Using Omics Technologies and Systems Biology to Identify Epitope Targets for the Development of Monoclonal Antibodies Against Antibiotic-Resistant Bacteria

Over the past few decades, antimicrobial resistance has emerged as an important threat to public health due to the global dissemination of multidrug-resistant strains from several bacterial species. This worrisome trend, in addition to the paucity of new antibiotics with novel mechanisms of action in the development pipeline, warrants the development of non-antimicrobial approaches to combating infection caused by these isolates. Monoclonal antibodies (mAbs) have emerged as highly effective molecules for the treatment of multiple diseases. However, in spite of the fact that antibodies play an important role in protective immunity against bacteria, only three mAb therapies have been approved for clinical use in the treatment of bacterial infections. In the present review, we briefly outline the therapeutic potential of mAbs in the treatment of bacterial diseases and discuss how their development can be facilitated when assisted by “omics” technologies and interpreted under a systems biology paradigm. Specifically, methods employing large genomic, transcriptomic, structural, and proteomic datasets allow for the rational identification of epitopes. Ideally, these include those that are present in the majority of circulating isolates, highly conserved at the amino acid level, surface-exposed, located on antigens essential for virulence, and expressed during critical stages of infection. Therefore, these knowledge-based approaches can contribute to the identification o...
Source: Frontiers in Immunology - Category: Allergy & Immunology Source Type: research

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Conclusion: Our findings raise potential public health concerns for environmental contamination of MRSA and MRSE in school environments. Surfaces of school environments may potentially provide a source for cross-contamination with these bacteria into the wider community.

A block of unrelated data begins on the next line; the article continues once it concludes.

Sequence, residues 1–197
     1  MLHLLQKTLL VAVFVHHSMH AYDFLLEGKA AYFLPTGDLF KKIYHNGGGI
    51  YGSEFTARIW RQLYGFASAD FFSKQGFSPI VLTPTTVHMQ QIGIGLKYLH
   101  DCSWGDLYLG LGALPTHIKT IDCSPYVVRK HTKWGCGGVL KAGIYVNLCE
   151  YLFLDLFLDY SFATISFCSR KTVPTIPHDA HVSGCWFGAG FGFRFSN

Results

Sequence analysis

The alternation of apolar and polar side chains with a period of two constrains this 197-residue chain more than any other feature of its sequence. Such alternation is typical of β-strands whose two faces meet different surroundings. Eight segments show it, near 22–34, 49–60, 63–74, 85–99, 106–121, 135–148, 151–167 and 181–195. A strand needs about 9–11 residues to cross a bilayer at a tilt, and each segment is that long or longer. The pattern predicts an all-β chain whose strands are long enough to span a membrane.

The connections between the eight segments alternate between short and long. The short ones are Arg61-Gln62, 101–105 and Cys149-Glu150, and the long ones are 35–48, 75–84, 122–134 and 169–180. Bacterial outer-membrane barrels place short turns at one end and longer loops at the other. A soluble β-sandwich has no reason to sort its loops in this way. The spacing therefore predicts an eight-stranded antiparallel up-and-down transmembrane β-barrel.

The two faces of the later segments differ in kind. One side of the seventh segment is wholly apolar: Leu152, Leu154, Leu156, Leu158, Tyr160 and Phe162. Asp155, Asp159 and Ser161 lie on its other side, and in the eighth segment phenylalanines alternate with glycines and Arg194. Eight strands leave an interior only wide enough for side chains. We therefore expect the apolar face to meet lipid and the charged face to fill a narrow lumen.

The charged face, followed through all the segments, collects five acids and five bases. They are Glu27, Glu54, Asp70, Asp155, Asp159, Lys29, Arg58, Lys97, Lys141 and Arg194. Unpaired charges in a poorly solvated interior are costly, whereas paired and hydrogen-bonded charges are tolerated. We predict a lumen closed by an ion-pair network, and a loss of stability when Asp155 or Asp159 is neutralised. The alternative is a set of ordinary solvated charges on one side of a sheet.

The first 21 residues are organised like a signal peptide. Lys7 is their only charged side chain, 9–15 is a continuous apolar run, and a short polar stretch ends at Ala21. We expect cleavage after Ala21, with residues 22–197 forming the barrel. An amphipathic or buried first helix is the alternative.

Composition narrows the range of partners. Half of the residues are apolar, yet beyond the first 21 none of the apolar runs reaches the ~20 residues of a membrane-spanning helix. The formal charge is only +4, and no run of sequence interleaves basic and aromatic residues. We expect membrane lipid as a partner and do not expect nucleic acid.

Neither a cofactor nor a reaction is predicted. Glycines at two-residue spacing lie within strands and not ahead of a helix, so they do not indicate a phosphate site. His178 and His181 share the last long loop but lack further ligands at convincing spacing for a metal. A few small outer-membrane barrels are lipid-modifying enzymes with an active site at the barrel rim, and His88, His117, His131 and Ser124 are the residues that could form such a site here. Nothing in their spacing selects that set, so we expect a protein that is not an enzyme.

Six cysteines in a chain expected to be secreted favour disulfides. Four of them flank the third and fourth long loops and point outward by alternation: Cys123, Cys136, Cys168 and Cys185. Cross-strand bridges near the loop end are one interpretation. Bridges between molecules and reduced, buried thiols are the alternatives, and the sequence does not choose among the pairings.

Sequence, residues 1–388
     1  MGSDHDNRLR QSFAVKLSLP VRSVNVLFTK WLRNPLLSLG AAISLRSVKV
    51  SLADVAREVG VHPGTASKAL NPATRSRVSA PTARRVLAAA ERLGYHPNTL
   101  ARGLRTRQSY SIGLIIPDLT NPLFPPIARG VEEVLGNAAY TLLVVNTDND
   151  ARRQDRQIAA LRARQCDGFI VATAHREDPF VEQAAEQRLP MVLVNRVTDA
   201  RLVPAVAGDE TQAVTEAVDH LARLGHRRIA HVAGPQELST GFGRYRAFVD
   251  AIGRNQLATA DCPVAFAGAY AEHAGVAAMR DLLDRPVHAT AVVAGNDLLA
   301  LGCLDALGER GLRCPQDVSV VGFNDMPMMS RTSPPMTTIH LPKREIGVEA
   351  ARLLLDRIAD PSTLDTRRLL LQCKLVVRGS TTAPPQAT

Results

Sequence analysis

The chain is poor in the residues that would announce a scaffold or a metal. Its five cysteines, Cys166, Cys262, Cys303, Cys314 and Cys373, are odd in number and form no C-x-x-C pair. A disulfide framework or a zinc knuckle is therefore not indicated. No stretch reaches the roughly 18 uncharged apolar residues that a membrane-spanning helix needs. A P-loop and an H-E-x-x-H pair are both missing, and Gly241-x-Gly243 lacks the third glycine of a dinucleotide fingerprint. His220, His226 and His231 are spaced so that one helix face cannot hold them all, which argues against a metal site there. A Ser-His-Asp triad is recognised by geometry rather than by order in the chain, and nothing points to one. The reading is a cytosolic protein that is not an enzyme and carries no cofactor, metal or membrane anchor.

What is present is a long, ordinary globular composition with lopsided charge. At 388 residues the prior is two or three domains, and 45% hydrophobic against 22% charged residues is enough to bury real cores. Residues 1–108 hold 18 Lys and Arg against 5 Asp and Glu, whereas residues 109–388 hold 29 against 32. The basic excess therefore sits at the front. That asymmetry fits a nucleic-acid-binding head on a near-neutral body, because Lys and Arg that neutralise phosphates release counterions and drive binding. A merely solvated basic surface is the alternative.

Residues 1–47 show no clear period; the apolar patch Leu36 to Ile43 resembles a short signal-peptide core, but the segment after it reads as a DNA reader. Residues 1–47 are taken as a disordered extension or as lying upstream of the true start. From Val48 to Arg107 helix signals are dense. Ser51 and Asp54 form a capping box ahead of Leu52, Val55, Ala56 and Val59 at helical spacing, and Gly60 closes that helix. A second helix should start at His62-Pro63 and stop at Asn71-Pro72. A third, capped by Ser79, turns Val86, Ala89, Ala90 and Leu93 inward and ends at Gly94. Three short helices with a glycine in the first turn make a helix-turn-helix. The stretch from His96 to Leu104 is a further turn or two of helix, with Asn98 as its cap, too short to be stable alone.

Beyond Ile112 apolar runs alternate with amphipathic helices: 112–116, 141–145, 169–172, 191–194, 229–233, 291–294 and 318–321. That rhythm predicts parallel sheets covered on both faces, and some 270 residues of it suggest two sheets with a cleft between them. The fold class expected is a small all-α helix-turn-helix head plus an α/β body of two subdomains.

Source: International Journal of Environmental Research and Public Health - Category: Environmental Health Authors: Tags: Article Source Type: research
ConclusionsIt is believed that this is the first molecular characterisation of wound infection pathogens from Madagascan patients and the first description of P. rettgeri co-producing CMY-30, OXA-10 and AAC(6’)-Ib-cr4 enzymes. The diversity of the resistance determinants and mobile genetic elements was probably due to extensive horizontal gene transfer events, highlighting the need to conduct further molecular monitoring studies to understand the genomic plasticity of resistant bacteria in Madagascan hospitals.
Source: Journal of Global Antimicrobial Resistance - Category: Infectious Diseases Source Type: research
Publication date: Available online 11 January 2020Source: Food ControlAuthor(s): Chujun Ou, Daiqi Shang, Jingxian Yang, Bo Chen, Jiang Chang, Fangning Jin, Chunlei ShiAbstractAntimicrobial resistance has gradually become a serious problem threatening public health and food safety throughout the world. Biofilm is one of the important factors affecting the antimicrobial resistance of bacteria. Staphylococcus aureus usually has strong biofilm formation ability, and it is widely found in animal-based food. The purpose of this study is to determine the prevalence, antimicrobial resistance and biofilm formation of S. aureus in a...
Source: Food Control - Category: Food Science Source Type: research
AbstractAntimicrobial resistance (AMR) is an increasing problem. The prevalence of antimicrobial resistance in general practice patients is expected to be relatively high in Rotterdam, the Dutch city with the largest proportion non-Western immigrants. The aim of this study was to assess the prevalence of antibiotic-resistant uropathogens (Escherichia coli,Klebsiella pneumoniae, andProteus mirabilis) in general practices in Rotterdam, and to find a possible association between the prevalence of antibiotic-resistantE. coli and age, gender, and socioeconomic status (SES). A retrospective analysis was performed of urine sample...